Goong Live Action

What if Korea still had a royal family, a ruling monarchy, in this modern time? Now that we've created the setting.... What if you saw your fiancee proposing to another woman? This is the situation Shin Chae-kyung finds herself in - Chae-kyung overhears Crown Prince Shin proposing to classmate and ballet dancer Min Hyo-rin, and then just days later finds herself in an arranged marriage with him!

Before he died, the king of the previous generation, Prince Shin's grandfather, made a promise with his only true friend. This promise engaged the current Crown Prince to his friend's granddaughter (Chae-kyung). At the time however, the Crown Prince was not Shin, but the current heir's son, Yul. When Yul's father died in an accident, Shin's father became the heir and Shin became the Crown Prince. So you can see how some problems would arise. A love quadrangle forms before you can even spit out the word "quadrangle."

Shin is the heir to the throne, but Yul isn't about to let him take that position without fighting back to reclaim what should have been his - and that includes Chae-kyung as well as the throne. Problems arise when Yul's vengeful, ambitious mother pulls out all the stops to bring herself and her son back into the palace. Yul plays along for a while, dutiful to his mother, until his love for Chae-kyung overwhelms all his other feelings. Meanwhile, Shin struggles to deal with his feelings for Hyo-Rin, which he is forced to put aside, and strange, emerging feelings for the unlikely Chae-kyung. Chae-kyung struggles endlessly with palace life, her upbeat and outgoing personality constantly at odds with palace rules and regulations. It's hard to decide which boy to root for. They're both good guys, in their way. Shin is just more awkward and less honest with his feelings, and Yul is more forward. But they both care for her - Shin does lots of little things to make her happy or take care of her, though she doesn't always notice; and Yul's stance of not letting his mother screw around with her is admirable.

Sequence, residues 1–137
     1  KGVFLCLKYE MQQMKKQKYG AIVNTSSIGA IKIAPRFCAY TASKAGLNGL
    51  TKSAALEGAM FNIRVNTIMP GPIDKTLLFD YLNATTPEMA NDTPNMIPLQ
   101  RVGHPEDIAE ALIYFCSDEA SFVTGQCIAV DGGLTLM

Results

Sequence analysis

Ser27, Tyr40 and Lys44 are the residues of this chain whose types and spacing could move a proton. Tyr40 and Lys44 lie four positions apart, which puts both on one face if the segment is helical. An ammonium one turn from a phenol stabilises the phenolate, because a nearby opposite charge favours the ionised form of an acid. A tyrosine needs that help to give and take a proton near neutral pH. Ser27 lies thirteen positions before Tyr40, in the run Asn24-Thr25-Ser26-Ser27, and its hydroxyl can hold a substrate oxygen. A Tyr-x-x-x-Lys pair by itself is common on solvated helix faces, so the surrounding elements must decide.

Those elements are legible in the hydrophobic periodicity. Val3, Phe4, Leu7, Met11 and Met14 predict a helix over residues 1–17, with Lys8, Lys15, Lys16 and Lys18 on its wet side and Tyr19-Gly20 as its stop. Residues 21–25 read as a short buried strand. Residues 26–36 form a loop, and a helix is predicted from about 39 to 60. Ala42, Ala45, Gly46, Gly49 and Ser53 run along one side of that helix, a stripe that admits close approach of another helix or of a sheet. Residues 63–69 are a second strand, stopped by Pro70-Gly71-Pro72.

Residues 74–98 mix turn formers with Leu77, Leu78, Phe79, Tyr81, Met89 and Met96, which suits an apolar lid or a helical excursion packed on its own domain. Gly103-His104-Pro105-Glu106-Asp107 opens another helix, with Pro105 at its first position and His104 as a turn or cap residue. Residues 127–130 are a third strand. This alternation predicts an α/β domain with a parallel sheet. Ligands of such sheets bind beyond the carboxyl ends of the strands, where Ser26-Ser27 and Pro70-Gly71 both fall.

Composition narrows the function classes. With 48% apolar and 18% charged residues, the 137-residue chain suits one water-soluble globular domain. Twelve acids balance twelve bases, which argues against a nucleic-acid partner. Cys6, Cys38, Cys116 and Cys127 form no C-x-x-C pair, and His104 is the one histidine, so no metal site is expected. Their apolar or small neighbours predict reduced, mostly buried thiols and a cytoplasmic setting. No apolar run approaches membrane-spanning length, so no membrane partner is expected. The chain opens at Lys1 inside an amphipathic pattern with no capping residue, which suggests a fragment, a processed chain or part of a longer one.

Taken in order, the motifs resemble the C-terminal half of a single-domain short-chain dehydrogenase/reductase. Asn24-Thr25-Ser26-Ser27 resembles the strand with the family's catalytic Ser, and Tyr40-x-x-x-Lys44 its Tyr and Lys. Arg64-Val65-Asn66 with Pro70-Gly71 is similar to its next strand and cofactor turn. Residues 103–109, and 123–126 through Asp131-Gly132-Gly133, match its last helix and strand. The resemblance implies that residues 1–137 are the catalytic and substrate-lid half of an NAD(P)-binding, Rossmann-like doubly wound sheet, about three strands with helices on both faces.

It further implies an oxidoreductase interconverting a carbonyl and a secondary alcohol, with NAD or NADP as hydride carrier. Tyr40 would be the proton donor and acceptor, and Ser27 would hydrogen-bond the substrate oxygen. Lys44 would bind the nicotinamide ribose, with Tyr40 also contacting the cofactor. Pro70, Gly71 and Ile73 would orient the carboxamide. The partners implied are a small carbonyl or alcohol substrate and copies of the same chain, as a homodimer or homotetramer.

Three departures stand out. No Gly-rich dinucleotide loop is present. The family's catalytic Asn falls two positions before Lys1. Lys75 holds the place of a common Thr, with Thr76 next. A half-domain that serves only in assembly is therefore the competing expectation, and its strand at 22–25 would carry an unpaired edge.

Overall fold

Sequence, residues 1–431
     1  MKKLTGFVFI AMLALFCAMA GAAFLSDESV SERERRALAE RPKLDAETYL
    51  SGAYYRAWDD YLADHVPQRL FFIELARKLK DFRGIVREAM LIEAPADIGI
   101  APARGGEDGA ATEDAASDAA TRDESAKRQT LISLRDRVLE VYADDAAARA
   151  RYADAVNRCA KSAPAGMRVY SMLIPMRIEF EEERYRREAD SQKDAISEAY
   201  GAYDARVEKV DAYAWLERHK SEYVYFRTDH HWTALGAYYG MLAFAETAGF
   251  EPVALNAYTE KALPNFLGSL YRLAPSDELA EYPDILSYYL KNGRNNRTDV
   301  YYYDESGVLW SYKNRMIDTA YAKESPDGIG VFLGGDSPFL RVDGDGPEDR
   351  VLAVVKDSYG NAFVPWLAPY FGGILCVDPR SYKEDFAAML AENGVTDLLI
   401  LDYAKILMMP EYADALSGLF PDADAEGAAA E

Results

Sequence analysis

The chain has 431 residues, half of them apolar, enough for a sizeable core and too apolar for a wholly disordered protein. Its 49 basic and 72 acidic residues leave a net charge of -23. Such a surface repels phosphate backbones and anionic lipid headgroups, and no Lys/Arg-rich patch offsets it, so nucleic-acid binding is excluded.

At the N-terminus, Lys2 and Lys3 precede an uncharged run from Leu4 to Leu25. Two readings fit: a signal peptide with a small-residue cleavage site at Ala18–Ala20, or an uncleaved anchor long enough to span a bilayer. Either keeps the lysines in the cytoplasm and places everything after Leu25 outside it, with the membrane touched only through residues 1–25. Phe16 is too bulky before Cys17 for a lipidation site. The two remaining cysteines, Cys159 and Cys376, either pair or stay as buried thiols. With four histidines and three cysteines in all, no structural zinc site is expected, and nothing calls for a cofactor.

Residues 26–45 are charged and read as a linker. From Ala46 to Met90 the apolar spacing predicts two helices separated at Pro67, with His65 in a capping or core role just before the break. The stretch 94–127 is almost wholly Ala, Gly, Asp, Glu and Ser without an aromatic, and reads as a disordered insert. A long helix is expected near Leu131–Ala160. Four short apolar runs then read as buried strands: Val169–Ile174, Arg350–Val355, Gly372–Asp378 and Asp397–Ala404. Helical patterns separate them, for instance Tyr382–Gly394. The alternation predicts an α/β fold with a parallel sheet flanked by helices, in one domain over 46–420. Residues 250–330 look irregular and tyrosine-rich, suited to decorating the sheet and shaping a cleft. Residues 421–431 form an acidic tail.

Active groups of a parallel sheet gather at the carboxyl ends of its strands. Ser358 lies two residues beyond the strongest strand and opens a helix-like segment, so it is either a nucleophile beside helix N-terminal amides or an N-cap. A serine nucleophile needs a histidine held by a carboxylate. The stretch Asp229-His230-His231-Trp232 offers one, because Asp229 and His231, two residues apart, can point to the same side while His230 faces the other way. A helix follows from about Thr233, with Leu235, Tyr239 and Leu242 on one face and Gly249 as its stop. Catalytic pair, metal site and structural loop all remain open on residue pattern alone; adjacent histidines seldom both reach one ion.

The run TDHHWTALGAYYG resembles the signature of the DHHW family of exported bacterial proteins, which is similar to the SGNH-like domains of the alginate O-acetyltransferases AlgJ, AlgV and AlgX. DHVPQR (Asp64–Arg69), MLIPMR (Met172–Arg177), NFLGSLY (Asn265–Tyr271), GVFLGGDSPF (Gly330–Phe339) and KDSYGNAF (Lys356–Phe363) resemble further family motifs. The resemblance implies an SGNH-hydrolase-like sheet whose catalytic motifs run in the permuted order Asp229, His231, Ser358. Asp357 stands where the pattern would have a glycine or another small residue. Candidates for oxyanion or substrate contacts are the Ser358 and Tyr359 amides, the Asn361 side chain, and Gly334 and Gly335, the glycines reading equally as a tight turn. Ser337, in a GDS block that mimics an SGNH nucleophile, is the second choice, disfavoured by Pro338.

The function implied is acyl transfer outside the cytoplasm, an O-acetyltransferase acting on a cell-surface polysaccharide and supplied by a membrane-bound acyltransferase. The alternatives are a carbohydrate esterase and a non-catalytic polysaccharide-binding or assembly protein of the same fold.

There's political intrigue, plenty of drama, lots of humor, gorgeous sets and costumes, sweet romance, hot guys, beautiful girls.... What else do you need?
It's a really beautifully shot show, in terms of the environments and the costumes. They went all out. The set designs are incredibly detailed, and the use of updated traditional clothing for the royal family is superb. And apparently very expensive, though I'm sure the level of detail and realism was very helpful to actors, and it certainly gives everything a believable look.

The older actress (Kim Hye Ja) playing the Queen mother has a beautiful, melodious voice, and it sounds like she's singing a song every time she speaks. Yoon Eun Hye is amazing as lead character Chae-kyung, and she's a newcomer! In fact, (most of) the younger actors were fairly new, while the adult characters were veterans; a dynamic that transfers into the story. Shin was played by handsome Joo Ji Hoon, who later appeared in the Korean Antique Bakery film. The main gang is rounded out by talented Kim Jeong Hoon as Yul, and Song Ji Hyo as Hyo-rin.

Unfortunately, I am unable to compare this to the manhwa, because I have not read it. I've skimmed a tiny bit of it, and it looks entertaining. I did notice that the characters in the comic seem a little more animated than their live action counterparts (specifically Shin). But, you know, internal thoughts are a little hard to convey on a screen.

The story does move a little slow, I will admit. I think it could do to have a couple of episodes knocked off, and a few things consolidated. Shin and Chae-kyung bounce back and forth in their relationship an excessive amount, and often you just wish they would TALK to each other, because it would solve things really quick. But Shin is incredibly private and emotionally awkward, and he's constantly put off by how outgoing and honest Chae-kyung is, so it's understandable.

You can purchase Goong, known as Palace or Princess Hours in America (the DVDs are sold as Palace), from the American licensor YA Entertainment. (I got mine from Rightstuf.com.) The box set of the series comes with a bonus disc that has interviews, bloopers, and behind the scenes footage (most of which is really funny).

Head over to Comic Attack for Ludwig II, The Art of Angel Sanctuary: Angel Cage, and December 2009's Previews highlights.